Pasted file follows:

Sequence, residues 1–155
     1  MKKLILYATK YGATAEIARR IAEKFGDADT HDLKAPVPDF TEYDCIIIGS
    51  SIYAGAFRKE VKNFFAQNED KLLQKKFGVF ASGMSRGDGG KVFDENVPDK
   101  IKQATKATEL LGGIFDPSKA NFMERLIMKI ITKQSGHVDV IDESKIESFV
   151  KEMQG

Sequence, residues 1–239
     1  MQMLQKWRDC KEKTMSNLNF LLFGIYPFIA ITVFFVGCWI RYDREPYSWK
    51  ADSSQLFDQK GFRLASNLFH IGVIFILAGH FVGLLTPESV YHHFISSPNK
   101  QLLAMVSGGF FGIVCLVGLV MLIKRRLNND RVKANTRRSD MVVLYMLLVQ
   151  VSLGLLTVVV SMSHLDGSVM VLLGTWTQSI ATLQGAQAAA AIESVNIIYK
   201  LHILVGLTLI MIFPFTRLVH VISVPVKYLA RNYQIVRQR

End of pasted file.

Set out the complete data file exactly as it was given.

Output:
Sequence, residues 1–155
     1  MKKLILYATK YGATAEIARR IAEKFGDADT HDLKAPVPDF TEYDCIIIGS
    51  SIYAGAFRKE VKNFFAQNED KLLQKKFGVF ASGMSRGDGG KVFDENVPDK
   101  IKQATKATEL LGGIFDPSKA NFMERLIMKI ITKQSGHVDV IDESKIESFV
   151  KEMQG

Sequence, residues 1–239
     1  MQMLQKWRDC KEKTMSNLNF LLFGIYPFIA ITVFFVGCWI RYDREPYSWK
    51  ADSSQLFDQK GFRLASNLFH IGVIFILAGH FVGLLTPESV YHHFISSPNK
   101  QLLAMVSGGF FGIVCLVGLV MLIKRRLNND RVKANTRRSD MVVLYMLLVQ
   151  VSLGLLTVVV SMSHLDGSVM VLLGTWTQSI ATLQGAQAAA AIESVNIIYK
   201  LHILVGLTLI MIFPFTRLVH VISVPVKYLA RNYQIVRQR